The legal saga of Gavin Grimm, the transgender high school student who sued for the right to use the bathroom of his choice, ended when Supreme Court refused to hear his case in March. But of course, the fight for transgender equality is far from over, and on Thursday, while issuing an administrative ruling on the case, Fourth Circuit Court of Appeals Judge Andre Davis made an impassioned plea for transgender rights and basic human decency. Davis praised Grim, comparing him to civil rights leaders of years' past, and explained why trans bathroom access is so important. Simply put, Davis' decision about Grimm is a stunning call for equality, and far more stirring than the vast majority of legal rulings.
"Our country has a long and ignominious history of discriminating against our most vulnerable and powerless," Davis wrote in his concurrence. "We have an equally long history, however, of brave individuals—Dred Scott, Fred Korematsu, Linda Brown, Mildred and Richard Loving,Edie Windsor, and Jim Obergefell, to name just a few—who refused to accept quietly the injustices that were perpetuated against them."
"Today, G.G. [Gavin Grimm] adds his name to the list of plaintiffs whose struggle for justice has been delayed and rebuffed," Davis continued. "[A]s Dr. King reminded us, however, 'the arc of the moral universe is long, but it bends toward justice.' G.G.’s journey is delayed but not finished."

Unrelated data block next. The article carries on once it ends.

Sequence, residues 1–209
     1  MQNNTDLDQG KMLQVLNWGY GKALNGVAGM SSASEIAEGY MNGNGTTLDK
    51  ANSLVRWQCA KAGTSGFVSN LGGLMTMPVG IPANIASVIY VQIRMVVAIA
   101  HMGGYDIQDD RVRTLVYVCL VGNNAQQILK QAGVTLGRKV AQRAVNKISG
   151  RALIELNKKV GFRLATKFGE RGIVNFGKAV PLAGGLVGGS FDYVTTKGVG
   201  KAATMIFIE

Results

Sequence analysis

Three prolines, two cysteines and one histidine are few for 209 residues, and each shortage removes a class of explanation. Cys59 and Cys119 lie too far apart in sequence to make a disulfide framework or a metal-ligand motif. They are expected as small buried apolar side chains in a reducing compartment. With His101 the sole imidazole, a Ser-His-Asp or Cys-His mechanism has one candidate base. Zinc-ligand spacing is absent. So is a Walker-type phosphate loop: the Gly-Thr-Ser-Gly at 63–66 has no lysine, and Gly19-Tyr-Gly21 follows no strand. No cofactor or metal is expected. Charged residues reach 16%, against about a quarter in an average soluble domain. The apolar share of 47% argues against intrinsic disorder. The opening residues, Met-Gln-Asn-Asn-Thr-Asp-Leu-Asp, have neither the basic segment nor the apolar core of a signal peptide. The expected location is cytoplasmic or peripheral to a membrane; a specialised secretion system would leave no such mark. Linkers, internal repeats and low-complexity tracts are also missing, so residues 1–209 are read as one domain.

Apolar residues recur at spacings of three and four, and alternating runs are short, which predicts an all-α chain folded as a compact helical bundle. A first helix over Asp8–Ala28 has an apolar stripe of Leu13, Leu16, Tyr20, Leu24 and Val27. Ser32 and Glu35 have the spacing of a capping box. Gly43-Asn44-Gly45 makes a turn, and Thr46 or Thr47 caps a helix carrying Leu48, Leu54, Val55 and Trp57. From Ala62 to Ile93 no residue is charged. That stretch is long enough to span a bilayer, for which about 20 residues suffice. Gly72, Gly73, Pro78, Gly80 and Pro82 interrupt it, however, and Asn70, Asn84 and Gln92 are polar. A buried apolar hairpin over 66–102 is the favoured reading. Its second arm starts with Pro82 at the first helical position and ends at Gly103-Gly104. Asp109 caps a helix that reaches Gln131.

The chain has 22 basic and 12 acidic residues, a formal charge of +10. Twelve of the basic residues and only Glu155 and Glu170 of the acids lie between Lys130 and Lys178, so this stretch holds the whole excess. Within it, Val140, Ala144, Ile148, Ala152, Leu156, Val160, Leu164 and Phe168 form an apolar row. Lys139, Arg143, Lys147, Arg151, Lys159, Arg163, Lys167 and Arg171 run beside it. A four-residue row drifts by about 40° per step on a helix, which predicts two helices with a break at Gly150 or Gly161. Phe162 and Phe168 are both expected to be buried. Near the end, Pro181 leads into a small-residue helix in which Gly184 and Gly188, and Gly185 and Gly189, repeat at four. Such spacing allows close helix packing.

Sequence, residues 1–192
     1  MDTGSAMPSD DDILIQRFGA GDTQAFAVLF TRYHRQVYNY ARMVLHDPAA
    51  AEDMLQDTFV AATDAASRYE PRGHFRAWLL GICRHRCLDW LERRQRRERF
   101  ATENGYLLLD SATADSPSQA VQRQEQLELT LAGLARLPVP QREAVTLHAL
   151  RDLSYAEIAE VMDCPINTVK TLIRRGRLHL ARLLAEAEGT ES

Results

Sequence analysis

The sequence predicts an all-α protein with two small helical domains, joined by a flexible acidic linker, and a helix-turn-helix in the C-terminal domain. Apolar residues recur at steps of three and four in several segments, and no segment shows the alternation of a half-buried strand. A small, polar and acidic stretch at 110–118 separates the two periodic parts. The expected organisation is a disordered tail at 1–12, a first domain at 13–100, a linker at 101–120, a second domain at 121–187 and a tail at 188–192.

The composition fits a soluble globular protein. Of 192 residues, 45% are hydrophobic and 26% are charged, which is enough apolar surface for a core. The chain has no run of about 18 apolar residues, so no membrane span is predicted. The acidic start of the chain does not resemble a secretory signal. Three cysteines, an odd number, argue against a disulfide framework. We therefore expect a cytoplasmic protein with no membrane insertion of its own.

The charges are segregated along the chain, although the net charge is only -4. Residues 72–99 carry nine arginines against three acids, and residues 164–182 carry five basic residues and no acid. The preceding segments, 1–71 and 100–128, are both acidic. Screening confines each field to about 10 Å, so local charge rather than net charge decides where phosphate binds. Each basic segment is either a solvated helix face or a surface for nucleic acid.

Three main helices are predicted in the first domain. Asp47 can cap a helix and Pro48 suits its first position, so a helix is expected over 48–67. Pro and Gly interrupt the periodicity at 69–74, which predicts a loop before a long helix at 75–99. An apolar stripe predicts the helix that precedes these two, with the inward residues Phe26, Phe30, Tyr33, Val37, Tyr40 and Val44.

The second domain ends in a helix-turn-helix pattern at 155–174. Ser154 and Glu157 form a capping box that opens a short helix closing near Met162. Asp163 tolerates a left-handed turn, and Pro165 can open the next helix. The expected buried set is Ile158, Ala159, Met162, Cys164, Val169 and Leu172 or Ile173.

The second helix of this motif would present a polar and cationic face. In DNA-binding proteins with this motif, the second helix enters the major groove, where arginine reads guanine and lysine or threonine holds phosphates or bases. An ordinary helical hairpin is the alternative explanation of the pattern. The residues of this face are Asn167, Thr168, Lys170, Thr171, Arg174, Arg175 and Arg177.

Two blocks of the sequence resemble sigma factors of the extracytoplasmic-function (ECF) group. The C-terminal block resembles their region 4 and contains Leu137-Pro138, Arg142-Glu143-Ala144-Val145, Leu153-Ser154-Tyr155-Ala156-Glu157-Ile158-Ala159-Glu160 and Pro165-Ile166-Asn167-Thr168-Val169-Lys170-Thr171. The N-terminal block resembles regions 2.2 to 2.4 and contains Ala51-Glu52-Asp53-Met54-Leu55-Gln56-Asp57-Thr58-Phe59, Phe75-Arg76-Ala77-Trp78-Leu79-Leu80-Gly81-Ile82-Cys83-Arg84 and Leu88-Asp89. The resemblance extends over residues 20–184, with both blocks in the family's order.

Grimm, along with the ACLU, had sued the Gloucester County School Board for adopting a policy in 2014 that banned transgender students from using the bathrooms that conformed with their gender identities. Grimm had argued that the policy violated Title IX, the federal prohibition on gender discrimination in public schools. However, the Trump administration issued a directive in March permitting schools to set such policies, and despite a favorable lower court ruling, the Supreme Court ultimately refused to hear Grimm's case.
But of course, the significance of this case extends far beyond Grimm, or the question of bathroom policies. As Davis wrote, it's about recognizing the basic humanity of transgender people.
"G.G.’s case is about much more than bathrooms," Davis wrote. "It’s about a boy asking his school to treat him just like any other boy. It’s about protecting the rights of transgender people in public spaces and not forcing them to exist on the margins. It’s about governmental validation of the existence and experiences of transgender people, as well as the simple recognition of their humanity. His case is part of a larger movement that is redefining and broadening the scope of civil and human rights so that they extend to a vulnerable group that has traditionally been unrecognized, unrepresented, and unprotected."
It's very unfortunate that Grimm won't be allowed to use the bathroom of choice before he graduates in summer 2017. But this is just one of many battles in a much larger fight for equal rights, and when all is said and done, history will remember the important role that Grimm played in this fight.